The Washington Times - August 21, 2009, 09:21PM

Lutherans pray after pro-gay clergy vote

   Just after the Evangelical Lutheran Church in America made its historic vote today agreeing to allow partnered, monogamous gays to be pastors (until now they’ve had to stay celibate), a lot of folks were crying. I was wandering around  the immense auditorium at the Minneapolis Convention Center, snapping photos of praying Lutherans after the assembly voted 559-451 in favor of allowing active homosexuals to be official rostered clergy within the denomination.There, standing in a clump with their arms about each other and tears running down their cheeks, were a number of women who I guessed were lesbians.


   Sure enough, the Revs. Jenny Mason and Donna Simon were members of the Extraordinary Candidacy Project, a credentialling procedure for gay Lutheran clergy who are (or now were) not permitted to be candidates for ministry in the ELCA.

  “It’s been hard all these years,” Jenny Mason told me. She was removed from the ELCA’s clergy roster in 2001 when she revealed she was gay and partnered.

  Outside the hall, Bradley Schmeling, another well-known gay Lutheran cleric from Atlanta who was also removed from the ELCA clergy roster, stood arm in arm with his partner, Darin Easler. Both wore clerical clothing and were talking with a TV crew. I, of course, listened in.

  “For the first time, I can imagine a career in this church with Darin,” Mr. Schmeling told me. “Tears flowed for me, too. I was too afraid to hope (the vote to approve gay pastors) would happen this time.”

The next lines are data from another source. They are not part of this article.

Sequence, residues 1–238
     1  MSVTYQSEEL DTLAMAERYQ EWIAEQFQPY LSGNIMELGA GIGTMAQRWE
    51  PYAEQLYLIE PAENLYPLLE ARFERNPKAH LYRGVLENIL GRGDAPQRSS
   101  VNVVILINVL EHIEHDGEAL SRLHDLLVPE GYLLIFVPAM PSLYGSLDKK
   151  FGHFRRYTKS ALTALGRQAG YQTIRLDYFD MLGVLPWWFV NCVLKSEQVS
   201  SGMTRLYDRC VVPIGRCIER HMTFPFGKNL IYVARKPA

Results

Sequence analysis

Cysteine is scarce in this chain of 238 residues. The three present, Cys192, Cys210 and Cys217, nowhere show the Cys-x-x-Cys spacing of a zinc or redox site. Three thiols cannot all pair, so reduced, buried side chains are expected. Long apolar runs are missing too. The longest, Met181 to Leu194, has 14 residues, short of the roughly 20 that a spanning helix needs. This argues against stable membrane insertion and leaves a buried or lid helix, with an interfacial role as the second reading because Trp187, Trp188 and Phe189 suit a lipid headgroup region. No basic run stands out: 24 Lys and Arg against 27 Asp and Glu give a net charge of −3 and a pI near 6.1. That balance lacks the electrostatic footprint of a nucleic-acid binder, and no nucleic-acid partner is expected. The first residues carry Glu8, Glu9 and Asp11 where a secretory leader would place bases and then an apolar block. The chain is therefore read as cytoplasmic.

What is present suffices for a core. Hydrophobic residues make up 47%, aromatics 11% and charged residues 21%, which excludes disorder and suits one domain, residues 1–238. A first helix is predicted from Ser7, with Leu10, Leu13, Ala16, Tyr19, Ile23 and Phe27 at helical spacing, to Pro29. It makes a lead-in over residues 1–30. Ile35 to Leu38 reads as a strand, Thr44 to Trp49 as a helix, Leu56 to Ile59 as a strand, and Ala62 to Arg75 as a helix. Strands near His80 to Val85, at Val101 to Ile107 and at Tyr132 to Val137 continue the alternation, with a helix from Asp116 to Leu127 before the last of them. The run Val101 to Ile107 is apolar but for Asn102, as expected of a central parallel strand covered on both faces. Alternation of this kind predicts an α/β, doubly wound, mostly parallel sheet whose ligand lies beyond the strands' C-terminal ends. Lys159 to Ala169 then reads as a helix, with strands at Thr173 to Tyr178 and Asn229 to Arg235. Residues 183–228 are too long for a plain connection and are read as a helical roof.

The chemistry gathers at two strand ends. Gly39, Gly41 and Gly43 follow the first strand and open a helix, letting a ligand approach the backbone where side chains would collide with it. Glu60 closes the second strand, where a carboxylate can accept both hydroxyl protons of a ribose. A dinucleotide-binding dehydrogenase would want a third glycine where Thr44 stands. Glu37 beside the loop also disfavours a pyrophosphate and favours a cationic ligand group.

The Episcopal gay caucus, which just a few weeks ago, experienced dual victories at that church’s triennial convention (in terms of approving liturgical rites for same-sex unions and approving the election of additional gay bishops) chimed in with press release applauding the Lutherans.

“Today’s action in Minneapolis is not just good news for gay and lesbian Lutherans, it is good news to all who strive for peace and justice and are committed to respecting the dignity of every human being,” said the Reverend Susan Russell, president of Integrity USA.
“For decades the faithful have prayed for justice to roll down like waters for the lesbian, gay, bisexual, transgendered baptized in the Lutheran and Episcopal churches. The Summer of 2009 has become that watershed moment we have prayed for.”

  About one-third of the assembly disagreed with these votes, many of them saying attendance in the ELCA will suffer greatly. They have a point; for those of you unfamiliar with the formation of the largest Lutheran church in the United States, the ELCA was 5.5 million members strong when a union took place on January 1, 1988, resulting from the merger of three predecessor church bodies; the American Lutheran Church (ALC), the Lutheran Church in America (LCA) and the Association of Evangelical Lutheran Churches (AELC).

  Today they number 4.7 million. The Episcopalians, which have been leaning left since the late 1960s, have likewise been losing members at record rates, especially since 2003 when they ordained their first openly gay bishop: V. Gene Robinson of New Hampshire.  Will the Lutherans follow suit?

- Julia Duin, religion editor